How Well Do Banks Serve Small Businesses?

It's a matter of debate among observers of the banking and growth-company communities.
Marielle SegarraMay 28, 2013

Do banks provide what their small-business customers need? One viewpoint is that they focus too much on loans and not enough on other potentially useful services. 

“The most profitable products banks have are the loan products,” says BC Krishna, president and CEO of online payment tool provider MineralTree. “If you’re going to sell loans, you need to segment your customers by the products that most likely appeal to them.” That often means grouping customers by revenue ranges, but there is no industry-wide definition for small companies, Krishna says.

When it comes to payments, for instance, revenue may not even be an effective way to segment businesses. “A million-dollar doctor’s office is nothing like a million-dollar construction company from a payments standpoint,” Krishna says. For example, they use different tools and have varying levels of receivables and payables. “A construction company might use software [from Sage 300 Construction and Real Estate] to manage its accounts, whereas a doctor’s office might use Quickbooks. Or the office manager might be the one that takes appointments and enters bills in a doctor’s office, whereas at a construction company a controller might do that job.”

4 Powerful Communication Strategies for Your Next Board Meeting

4 Powerful Communication Strategies for Your Next Board Meeting

This whitepaper outlines four powerful strategies to amplify board meeting conversations during a time of economic volatility. 

MineralTree wrote in a recent whitepaper that 88 percent of banks have strategic initiatives to grow small- and midsize-business market share over the next one to three years. But only 35 percent of the banks surveyed said they are meeting small-business payment needs well or very well (a result that behooves MineralTree’s business interests).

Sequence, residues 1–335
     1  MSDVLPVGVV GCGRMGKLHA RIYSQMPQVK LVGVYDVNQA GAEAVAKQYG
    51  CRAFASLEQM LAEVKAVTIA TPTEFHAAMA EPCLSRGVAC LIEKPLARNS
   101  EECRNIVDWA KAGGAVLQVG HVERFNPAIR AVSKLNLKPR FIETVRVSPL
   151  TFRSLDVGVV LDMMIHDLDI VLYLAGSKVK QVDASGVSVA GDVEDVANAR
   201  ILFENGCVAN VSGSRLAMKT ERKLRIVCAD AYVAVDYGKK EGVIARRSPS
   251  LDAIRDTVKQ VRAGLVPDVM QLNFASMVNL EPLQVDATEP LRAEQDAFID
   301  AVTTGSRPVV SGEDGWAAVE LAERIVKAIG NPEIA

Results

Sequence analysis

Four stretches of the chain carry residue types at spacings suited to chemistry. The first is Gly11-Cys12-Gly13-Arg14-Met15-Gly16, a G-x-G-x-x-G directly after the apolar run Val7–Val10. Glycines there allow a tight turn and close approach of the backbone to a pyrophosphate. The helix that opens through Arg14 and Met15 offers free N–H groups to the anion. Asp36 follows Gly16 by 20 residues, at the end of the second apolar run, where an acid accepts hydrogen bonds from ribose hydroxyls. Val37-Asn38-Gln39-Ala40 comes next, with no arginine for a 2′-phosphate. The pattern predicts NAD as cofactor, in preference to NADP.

The banks’ hyper-focus on loans, perhaps at the expense of other services, could do a disservice to small-business customers, Krishna says. “Take our business. If a bank didn’t tell me, how would I know about an electronic product or a better payments product? I don’t have time as a small business owner to keep doing research on all of the inefficiencies that I might know or not know about in my business.”

But Gary Young, CEO of banking risk management consultancy Young & Associates, says he has not noticed banks focusing on loans over other services. “Small business is the lifeblood of the community banking industry,” he says. “They are by far the most profitable customers. There’s more risk involved, but it’s extremely difficult to make a decent return on equity without successfully implementing a strategy for meeting the needs of small business.”

Community banks “can’t take care of the biggest businesses in the country because they have legal lending limits, so they have to focus on small business,” Young notes. “I just do not see, in a strategic planning process, that any bank would turn its back on that business line.”

Young does allow that there can be “a disconnect between what small businesses want and what banks can deliver.” A small business might be interested in a service that a bank does not consider profitable, for instance, or a small business might request a loan that the bank is not willing to approve.

Krishna acknowledges that not all banks will want to get involved with specific services. “The list of things that a bank can potentially help their customers with is quite long,” he says.

For their part, small businesses said in a survey conducted last year that they have been underserved. Their satisfaction with banks trails that of retail banking customers, according to the 2012 J.D. Power and Associates U.S. Small Business Banking Satisfaction Study.